Back view of Charlotte, the Black and yellow Garden Spider (Argiope aurantia)
(photos by B. McCreary) (identification based on “Spiders of Texas-A Guide to Common and Notable Species” by Valerie G. Bugh)
Charlotte’s Underside

 

Rattled

 The spring sun

warms you

well hidden under the prickly pear

 

Ambling down the path I come

enjoying bees on blossoms

meaning no harm

 

Moving close to examine a  bug

I hear loud fast buzzing ssssshhhhhhhhhhh!

a warning rattling buzzing sssshhhhhh!

 

I  back up and move away

the buzzing sssshhhh slows

then silence as you slither off

 

Seeking  to avoid my kind

your beautiful diamond back

disappears into the bluebonnets

Rattled

Photo of Western Diamond Back (Crotalus atrox)

by Betty McCreary

Migration

 
 

 

cropped-dscn1645-e1546730864442-2.jpg
Monarch On Blue Mist Flower
 
 

The Great Journey

 
Black and orange and white
the small wings flutter high above the earth

Monarchs headed to the highlands of Mexico

 
Onward they travel 
generation after generation

fall after fall

 
 
A three thousand mile migration
seeking fir forests 

 sanctuary from winter

 
 
Far to the South
trekking over roads and rivers, 
carrying babies, pushing wheelchairs

young and old, women and men

 
On the road to a better life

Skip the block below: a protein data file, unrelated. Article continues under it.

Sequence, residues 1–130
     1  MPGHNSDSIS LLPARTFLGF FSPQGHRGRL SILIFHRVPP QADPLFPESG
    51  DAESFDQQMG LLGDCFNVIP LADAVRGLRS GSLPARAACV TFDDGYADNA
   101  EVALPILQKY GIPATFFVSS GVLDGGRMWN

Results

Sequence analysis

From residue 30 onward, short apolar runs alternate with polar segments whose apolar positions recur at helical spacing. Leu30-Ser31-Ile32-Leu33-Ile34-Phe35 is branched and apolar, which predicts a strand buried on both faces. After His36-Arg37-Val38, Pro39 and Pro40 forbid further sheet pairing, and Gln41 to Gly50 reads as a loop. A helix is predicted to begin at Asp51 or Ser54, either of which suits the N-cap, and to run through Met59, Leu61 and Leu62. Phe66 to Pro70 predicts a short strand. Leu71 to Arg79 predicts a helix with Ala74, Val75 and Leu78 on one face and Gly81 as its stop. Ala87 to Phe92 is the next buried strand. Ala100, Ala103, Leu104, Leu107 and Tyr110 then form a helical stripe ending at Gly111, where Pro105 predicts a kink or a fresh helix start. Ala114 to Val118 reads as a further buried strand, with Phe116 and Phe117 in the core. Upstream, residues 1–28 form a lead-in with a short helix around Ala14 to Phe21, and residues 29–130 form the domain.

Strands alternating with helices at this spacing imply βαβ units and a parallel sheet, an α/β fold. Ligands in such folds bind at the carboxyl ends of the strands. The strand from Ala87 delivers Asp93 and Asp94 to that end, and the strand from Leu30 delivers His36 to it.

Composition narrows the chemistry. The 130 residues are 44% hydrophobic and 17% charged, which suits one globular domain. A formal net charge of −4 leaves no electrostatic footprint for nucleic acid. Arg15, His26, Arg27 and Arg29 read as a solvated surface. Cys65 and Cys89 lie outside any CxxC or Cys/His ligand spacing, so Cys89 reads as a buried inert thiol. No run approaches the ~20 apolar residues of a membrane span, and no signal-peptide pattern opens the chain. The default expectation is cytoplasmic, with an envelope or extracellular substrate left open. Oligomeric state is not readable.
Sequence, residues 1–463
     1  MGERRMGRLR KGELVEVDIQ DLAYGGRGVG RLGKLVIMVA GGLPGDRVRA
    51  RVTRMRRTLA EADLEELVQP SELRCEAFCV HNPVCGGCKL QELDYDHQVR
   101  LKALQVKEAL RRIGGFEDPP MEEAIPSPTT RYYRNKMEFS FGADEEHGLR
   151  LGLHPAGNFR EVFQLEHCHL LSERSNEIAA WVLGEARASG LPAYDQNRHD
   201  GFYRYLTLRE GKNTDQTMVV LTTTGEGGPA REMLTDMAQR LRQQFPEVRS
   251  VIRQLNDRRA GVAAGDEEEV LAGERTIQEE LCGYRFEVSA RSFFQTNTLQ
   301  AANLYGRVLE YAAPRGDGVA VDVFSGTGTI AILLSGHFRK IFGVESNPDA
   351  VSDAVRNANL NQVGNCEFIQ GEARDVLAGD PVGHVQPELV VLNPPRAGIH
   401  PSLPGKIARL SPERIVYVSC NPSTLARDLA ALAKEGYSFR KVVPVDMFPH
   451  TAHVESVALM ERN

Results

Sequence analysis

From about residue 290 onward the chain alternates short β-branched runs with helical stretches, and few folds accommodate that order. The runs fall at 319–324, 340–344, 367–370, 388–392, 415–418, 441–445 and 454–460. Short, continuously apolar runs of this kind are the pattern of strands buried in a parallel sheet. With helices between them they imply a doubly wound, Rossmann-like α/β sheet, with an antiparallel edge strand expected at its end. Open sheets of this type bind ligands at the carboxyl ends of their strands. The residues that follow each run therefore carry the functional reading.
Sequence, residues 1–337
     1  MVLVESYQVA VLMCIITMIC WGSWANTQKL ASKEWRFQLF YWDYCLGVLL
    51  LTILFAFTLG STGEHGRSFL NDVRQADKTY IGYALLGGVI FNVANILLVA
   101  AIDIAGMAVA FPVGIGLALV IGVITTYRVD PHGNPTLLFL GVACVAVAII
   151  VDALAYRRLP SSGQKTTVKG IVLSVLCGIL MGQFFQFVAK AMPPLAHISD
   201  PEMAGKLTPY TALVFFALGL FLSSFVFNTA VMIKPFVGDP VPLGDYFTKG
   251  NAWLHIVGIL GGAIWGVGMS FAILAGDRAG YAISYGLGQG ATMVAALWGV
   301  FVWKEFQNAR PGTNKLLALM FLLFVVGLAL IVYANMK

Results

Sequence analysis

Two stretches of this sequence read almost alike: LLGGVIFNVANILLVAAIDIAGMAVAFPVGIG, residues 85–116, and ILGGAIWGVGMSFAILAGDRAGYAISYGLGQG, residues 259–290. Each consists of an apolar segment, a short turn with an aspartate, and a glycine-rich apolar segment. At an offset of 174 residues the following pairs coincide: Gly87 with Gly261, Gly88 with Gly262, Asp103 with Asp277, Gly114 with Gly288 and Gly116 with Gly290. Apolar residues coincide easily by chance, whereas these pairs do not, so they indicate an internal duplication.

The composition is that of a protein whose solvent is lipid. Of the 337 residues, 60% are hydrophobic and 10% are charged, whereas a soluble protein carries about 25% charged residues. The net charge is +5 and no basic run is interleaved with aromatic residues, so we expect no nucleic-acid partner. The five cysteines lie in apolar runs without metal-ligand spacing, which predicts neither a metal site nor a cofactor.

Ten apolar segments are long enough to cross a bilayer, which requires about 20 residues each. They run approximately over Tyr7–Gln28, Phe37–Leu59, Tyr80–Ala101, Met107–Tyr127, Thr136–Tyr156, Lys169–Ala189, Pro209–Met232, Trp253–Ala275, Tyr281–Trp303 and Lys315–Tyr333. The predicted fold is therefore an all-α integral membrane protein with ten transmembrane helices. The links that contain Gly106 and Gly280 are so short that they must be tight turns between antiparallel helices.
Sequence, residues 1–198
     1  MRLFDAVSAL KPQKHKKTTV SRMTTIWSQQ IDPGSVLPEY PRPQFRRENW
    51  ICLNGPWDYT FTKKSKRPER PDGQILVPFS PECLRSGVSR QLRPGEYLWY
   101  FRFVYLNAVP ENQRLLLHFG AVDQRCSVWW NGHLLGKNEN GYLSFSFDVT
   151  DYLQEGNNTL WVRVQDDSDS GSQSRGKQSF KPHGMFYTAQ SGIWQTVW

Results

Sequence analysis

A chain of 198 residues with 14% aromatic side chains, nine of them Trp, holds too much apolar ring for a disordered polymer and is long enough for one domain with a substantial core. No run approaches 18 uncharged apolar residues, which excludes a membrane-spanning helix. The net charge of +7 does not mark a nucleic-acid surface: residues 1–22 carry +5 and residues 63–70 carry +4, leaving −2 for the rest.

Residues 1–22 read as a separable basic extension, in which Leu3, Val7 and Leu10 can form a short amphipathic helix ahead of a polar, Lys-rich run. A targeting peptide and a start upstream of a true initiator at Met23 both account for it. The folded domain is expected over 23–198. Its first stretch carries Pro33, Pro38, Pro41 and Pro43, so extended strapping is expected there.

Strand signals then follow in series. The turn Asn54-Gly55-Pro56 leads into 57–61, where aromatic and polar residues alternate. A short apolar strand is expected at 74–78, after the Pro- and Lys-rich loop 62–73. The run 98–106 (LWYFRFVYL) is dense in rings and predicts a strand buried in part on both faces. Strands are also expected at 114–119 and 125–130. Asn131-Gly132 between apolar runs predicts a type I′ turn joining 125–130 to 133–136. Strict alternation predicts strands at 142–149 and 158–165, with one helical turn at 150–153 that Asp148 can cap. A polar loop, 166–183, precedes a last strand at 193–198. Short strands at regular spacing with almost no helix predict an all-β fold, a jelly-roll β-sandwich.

headed North two thousand miles

also seeking sanctuary

 
Onward they travel
through sickness and despair

to the highlands of Mexico

 
I imagine a butterfly landing on the shoulder of a resting child
paths crossing for one moment
and then the respective caravans continue on

 

 

 
 
 
(written in autumn 2018)

A Closer Look

I am a birder. There is almost nothing I enjoy more than heading to a local park (or my backyard) to see what might be flitting about.
But, I didn’t come by this love of birds naturally. Oh, I enjoyed helping my grandmother fill her bird feeders with cracked corn and she taught me what a cardinal was. But, I really just wanted to watch the squirrels. I was a mammal person. I loved spotting deer in fields during drives in the Texas hill country. I was thrilled when I first saw a fox cross the road. It wasn’t until I was a volunteer with a local wildlife rescue group that I began to appreciate birds. More baby birds and injured birds came into our care than mammals. I started to learn to identify birds and learned about their needs and behavior. It was seeing them close up that made all the difference.

This time of year one of my favorite birds to look for is the Cedar Waxwing (Bombycilla cedrorum). I will hear their sweet high pitched notes above and look up and see a flock of up to several dozen birds land in a tree. At a distance they may just be dark silhouettes with a crest on their heads and they don’t look particularly interesting. If the light is good and the binoculars handy, their beauty is revealed. Against a blue sky they are magnificent looking with a black face mask, red wing tips, and a bright yellow tail tip.

Cedar Waxwing in Burr Oak (photo by Betty McCreary)

I wonder what or who else in the world I might learn to appreciate by looking a little closer?